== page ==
Meet The Woman Who Leads The New York Taxi Workers Alliance
She doesn’t drive taxis, nor does she have a driver’s licence. But that doesn’t stop the 44-year-old from making sure that New Yorkers behind the wheels of yellow cabs get to live and drive with dignity. Bhairavi Desai, whose family moved from Gujarat to USA when she was six, has spent the better part of her life fighting for the rights of taxi drivers in the Big Apple through the New York Taxi Workers Alliance (NYTWA) which she helped found in 1998.
“I had been hired by a pan-Asian community organisation in 1996 to work on a project with taxi drivers. Every driver I met, though, wanted to build a union. We started with no members and today, we stand tall with over 19,000 in New York City and are a national organisation with presence in the six sister cities,” says the Rutgers University graduate. And though it involves a great deal of struggle, her goals for her cause are simple. “To win justice, rights, respect and dignity through full unionisation of all 1,00,000 licenced taxi workers in New York City.”
Her passion is evident, and this, she says, is inherited from her parents and two older brothers. “All four of them raised me to believe in myself, in equity, and the fact that one’s life served a purpose greater than wealth and power. I was so loved. I couldn’t help but love the world in return.” Desai moved from her first American home in North Carolina to New Jersey when she was eight. She grew up watching baseball (“the Mets, not just any baseball team”), playing arcade games, discussing Marx, Nietzsche and Shammi Kapoor with her father (“He was the Indian Elvis!”), and eating her mother’s khari and dal dhokli. The Bronx-based activist says, “Every day I witnessed India through my father’s stories, my mother’s teachings, the sounds of the Gujarati language and bangles that permeated our walls, and in the aromas of my mother’s spices. For me, India means rebellion, humanism and pluralism. My Indianness survived 200 years of colonial rule and generations of patriarchy.”
Though her daily timetable includes media interactions, meetings with officials, strategy sessions and discussions with colleagues, Desai wishes everyday could be spent out in the field, interacting with drivers. But being a woman in a male-dominated field can’t be without its challenges. “I’ve had to work harder to prove my intellect, my stamina and my right to change the world…. Drivers have raised me as much as my family. They believed in me, and saw abilities I never saw and still struggle to see. I never want to fail them. And that gets me through those challenging moments,” explains the born fighter.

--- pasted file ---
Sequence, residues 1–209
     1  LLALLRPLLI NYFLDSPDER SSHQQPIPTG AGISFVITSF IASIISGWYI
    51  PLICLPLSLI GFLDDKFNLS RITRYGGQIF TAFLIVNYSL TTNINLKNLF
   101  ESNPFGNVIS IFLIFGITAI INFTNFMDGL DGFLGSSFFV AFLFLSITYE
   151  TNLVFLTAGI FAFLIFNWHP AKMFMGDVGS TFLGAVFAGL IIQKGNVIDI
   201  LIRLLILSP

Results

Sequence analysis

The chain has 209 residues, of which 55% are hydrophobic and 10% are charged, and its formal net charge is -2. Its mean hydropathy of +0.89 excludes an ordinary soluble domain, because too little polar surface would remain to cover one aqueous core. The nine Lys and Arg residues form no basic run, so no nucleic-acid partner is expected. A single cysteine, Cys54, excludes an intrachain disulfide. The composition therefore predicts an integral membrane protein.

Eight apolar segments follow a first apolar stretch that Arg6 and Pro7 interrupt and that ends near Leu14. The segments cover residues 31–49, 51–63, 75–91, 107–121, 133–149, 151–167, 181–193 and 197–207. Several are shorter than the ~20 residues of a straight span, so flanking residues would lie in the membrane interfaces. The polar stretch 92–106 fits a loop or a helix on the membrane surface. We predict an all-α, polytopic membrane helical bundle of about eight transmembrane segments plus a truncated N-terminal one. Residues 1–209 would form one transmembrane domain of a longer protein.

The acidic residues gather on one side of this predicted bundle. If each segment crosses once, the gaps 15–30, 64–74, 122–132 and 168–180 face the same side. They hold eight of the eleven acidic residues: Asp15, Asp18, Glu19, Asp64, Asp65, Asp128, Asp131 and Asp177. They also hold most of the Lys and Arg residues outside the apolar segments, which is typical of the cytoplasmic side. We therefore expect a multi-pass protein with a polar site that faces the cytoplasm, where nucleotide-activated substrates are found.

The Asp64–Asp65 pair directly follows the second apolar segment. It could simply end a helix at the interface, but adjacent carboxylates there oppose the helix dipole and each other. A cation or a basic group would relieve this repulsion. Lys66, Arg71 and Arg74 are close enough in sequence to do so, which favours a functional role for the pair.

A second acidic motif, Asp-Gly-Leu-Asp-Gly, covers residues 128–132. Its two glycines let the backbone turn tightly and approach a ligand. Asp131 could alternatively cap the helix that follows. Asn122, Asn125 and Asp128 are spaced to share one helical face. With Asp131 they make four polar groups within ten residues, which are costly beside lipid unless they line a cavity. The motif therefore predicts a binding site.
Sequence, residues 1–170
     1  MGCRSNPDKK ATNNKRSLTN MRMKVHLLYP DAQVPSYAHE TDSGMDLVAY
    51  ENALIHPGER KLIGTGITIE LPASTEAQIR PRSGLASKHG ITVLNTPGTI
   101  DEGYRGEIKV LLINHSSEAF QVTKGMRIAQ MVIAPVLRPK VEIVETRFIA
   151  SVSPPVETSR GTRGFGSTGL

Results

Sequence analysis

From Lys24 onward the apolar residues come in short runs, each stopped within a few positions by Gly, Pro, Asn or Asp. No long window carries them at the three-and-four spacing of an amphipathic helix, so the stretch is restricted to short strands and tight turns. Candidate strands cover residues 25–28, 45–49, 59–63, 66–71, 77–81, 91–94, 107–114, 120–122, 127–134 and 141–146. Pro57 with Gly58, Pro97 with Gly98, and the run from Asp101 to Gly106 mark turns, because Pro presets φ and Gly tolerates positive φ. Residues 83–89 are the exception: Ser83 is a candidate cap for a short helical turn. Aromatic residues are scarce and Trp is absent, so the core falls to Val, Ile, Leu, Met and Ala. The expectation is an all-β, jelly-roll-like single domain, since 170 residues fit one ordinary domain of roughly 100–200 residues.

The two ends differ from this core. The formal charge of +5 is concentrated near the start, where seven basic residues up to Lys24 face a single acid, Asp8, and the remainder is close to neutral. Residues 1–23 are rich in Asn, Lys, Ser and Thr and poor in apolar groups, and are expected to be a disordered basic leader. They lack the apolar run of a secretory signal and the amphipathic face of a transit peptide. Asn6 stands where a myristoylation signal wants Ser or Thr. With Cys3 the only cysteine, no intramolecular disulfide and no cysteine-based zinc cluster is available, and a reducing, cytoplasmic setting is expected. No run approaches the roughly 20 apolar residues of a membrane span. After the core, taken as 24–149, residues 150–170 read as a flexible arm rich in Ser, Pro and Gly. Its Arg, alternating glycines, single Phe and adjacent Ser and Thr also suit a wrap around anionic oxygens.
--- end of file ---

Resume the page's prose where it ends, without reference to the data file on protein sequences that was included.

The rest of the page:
A recipient of the Ford Foundation’s Leadership for a Changing World award, Desai has also been on the executive council of the American Federation of Labor and Congress of Industrial Organizations (AFL-CIO), USA’s largest federation of unions. But, she says, these achievements are not singularly hers. “In the world of social change, anyone who tells you they have achieved something on their own has not confronted real power…. There is no glamour in fighting oppression, but there is a sense of nobility which makes every day, whether you win or lose, feel like an achievement, because people like us aren’t supposed to have it easy.” The triumphs of NYTWA — winning raises that give drivers a decent income and the creation of a Taxi Driver Protection Act among them — and the losses that they bear as a team really matter to her.
With advancing technologies and the advent of services like Uber, the NYTWA is faced with new issues, but it’s what keeps the fire alive. Desai’s mother taught her that a woman’s strength comes from being gentle no matter what the situation, and she carries that thought with her to this day. “We cannot build a world made closer through technology only to be driven farther apart by militarism, religious fundamentalism and predatory capitalism.” Still craving her mother’s idli-sambar on every birthday and preferring her salwar kameezes over jeans, Desai believes that her political leanings, disdain for oppression and sense of third world feminism are all shaped by her Indian genes.
And her wheels are constantly turning, even when she’s not at work. A woman who has never cowered while fighting for her cause, Desai hopes that the NYTWA’s campaigns for policy changes to protect jobs are fruitful. We ask her what she’d say to those who want to follow in her footsteps and work for a social cause. “Rise. Wait for no one to call out your name, seek no permission. We are duty-bound to make the world better.”
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